Keynote Speaker: Kevin Bennet

Chair, Division of Engineering

Co-Director, Neural Engineering Laboratory

Assistant Professor of Neurosurgery


Sensing Electrode Development for Control of Neurotransmitters in Biologic Systems




For the treatment of a variety of medical conditions, deep brain stimulation (DBS) is the therapy of choice.  Current extension of this therapy is limited by the ability to create a feedback loop through the use of sensors capable of differentiating neurotransmitter concentration.

The traditional sensing material of pyrolytic carbon is not sufficiently stable for long term patient use (estimated 30 year life).  We describe the development of synthetic boron-doped diamond electrodes usable for measuring neurochemical release in animals and humans through fast scan cyclic voltammetry (FSCV).  Comparison of the diamond material to pyrolytic carbon fiber shows significantly reduced degradation of electrode sensitivity over time.

In comparison to the carbon fiber electrodes, the boron doped diamond electrodes also exhibit substantial increase in compressive strength which reduces risk to patients during insertion into deep brain structures.

Electronic sensing protocols and software signal processing techniques were utilized to improve the apparent sensitivity of the diamond electrodes and extend the sensing techniques to absolute value measurements.

The exceptional electrochemical, mechanical and biological compatibility of diamond provide substantial improvement in conventional sensing technology for fast scan cyclic voltammetry in biological systems.  We anticipate that these properties will enable practical closed loop deep brain stimulation systems for implementation for treatment for many additional therapies improving human life.


Speaker Bio


Kevin E. Bennet, PhD, serves as chair of the Division of Engineering and co-director of the Neural Engineering Laboratories at Mayo Clinic in Rochester, Minnesota, USA. He is responsible for the development and application of new technology for clinical practice and research. His personal direct research and development efforts include deep brain stimulation, wireless physiological monitoring and minimally invasive surgery. He holds the academic rank of Assistant Professor of Neurosurgery of the Mayo Clinic College of Medicine and Science.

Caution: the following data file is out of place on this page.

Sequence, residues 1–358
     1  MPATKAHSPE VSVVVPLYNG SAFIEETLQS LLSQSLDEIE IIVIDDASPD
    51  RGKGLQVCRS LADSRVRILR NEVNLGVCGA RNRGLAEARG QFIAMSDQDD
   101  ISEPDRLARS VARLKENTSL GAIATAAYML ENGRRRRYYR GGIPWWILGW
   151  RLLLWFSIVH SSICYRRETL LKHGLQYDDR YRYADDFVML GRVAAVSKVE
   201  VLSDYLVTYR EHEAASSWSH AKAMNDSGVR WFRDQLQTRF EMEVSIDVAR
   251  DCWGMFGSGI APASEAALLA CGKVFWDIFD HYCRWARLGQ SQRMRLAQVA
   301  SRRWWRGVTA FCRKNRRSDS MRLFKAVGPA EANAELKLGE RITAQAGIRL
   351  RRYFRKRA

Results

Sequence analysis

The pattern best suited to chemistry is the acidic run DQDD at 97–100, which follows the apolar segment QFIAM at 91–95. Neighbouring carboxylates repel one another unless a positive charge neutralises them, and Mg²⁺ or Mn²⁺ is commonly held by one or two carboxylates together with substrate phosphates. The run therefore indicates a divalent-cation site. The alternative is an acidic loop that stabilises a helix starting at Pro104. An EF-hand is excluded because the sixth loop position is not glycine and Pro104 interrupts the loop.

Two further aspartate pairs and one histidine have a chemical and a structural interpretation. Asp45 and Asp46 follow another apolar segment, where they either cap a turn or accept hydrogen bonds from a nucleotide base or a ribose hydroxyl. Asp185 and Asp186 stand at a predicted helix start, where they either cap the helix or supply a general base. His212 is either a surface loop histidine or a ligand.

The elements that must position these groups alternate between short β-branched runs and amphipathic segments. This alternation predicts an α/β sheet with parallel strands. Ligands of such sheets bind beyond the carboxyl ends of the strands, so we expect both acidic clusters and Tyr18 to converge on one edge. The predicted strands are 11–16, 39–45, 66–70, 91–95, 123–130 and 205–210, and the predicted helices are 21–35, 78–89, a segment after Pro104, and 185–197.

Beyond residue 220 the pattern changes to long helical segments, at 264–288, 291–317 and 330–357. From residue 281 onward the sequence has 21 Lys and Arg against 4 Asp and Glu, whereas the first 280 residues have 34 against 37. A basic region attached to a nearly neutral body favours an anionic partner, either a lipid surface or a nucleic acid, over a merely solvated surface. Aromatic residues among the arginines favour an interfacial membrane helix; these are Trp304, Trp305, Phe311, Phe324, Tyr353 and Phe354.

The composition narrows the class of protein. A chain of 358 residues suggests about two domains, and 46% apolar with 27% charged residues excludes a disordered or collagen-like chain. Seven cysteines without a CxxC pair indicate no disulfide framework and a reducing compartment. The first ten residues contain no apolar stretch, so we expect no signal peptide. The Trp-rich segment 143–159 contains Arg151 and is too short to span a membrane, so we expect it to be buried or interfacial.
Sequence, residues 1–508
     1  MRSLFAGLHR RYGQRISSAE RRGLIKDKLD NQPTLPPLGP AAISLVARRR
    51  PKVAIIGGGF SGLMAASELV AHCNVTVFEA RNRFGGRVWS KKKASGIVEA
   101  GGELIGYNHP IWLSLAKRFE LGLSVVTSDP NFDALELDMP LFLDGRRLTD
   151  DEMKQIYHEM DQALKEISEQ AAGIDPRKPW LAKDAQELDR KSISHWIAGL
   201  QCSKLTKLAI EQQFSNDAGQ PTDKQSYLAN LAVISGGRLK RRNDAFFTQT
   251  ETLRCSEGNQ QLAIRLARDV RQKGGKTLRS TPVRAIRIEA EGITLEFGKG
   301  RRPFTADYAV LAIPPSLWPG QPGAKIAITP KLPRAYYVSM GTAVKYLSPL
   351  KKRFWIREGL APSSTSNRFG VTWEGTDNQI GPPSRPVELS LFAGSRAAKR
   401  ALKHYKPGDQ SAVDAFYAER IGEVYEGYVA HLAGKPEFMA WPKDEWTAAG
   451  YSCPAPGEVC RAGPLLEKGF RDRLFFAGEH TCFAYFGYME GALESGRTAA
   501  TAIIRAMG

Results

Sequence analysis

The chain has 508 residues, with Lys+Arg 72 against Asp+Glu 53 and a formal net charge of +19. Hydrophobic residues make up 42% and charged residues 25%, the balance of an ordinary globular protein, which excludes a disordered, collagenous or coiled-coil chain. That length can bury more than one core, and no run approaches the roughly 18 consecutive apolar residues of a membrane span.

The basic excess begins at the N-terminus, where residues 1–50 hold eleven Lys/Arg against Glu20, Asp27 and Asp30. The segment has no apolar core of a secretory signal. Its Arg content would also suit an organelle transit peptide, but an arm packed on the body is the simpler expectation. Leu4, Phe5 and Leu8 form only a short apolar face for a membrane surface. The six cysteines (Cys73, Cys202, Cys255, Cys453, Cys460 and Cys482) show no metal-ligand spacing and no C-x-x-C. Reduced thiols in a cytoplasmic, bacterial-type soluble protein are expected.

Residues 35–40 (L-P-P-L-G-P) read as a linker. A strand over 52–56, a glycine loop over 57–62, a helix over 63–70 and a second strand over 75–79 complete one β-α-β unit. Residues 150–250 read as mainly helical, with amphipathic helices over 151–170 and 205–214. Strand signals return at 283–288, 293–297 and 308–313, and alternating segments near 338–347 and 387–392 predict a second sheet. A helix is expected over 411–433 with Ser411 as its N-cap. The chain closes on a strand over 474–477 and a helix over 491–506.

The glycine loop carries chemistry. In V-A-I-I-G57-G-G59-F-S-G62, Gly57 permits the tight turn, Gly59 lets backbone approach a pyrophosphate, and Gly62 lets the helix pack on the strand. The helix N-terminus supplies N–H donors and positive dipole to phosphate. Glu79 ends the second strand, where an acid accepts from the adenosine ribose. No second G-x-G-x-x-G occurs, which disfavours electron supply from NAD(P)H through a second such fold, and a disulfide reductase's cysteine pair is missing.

Dr. Bennet received his BSChE in chemical engineering from the Massachusetts Institute of Technology his MBA from Harvard Business School and his PhD in engineering from Deakin University.

Dr. Bennet joined Mayo Clinic in 1990 and has held appointments in the Division of Systems and Procedures and the Office of Strategic Alliances, where he served as chair. He was a leadership member of the Mayo Clinic Robert D. and Patricia E. Kern Center for the Science of Health Care Delivery, serving on the Health Systems Engineering Steering Group.

Dr. Bennet was the first recipient of the Mayo Clinic Team Science Award as a Mayo Distinguished Investigator. He is currently a member of the Scientific Advisory Group for the Mayo Clinic Discovery and Translation Program. Internationally he serves on the scientific advisory board of the Centre for Research in Medical Devices of the Science Foundation Ireland

Dr. Bennet is frequently invited to give presentations on his work to both national and international audiences, and he has authored numerous peer-reviewed articles as well as book chapters. He has also served as a reviewer of Mayo Clinic Proceedings and the National Institutes of Health Small Business Innovation Research program. In addition, he has served as a consultant to the National Institutes of Health and on-site visit teams. He holds patents concerning medical, semiconductor and optical technology and has founded several technology-based companies.

In addition to his leadership and research activities, Dr. Bennet is active in education, including Visiting Professorships and providing mentorship to many visiting scientists, research trainees and students.




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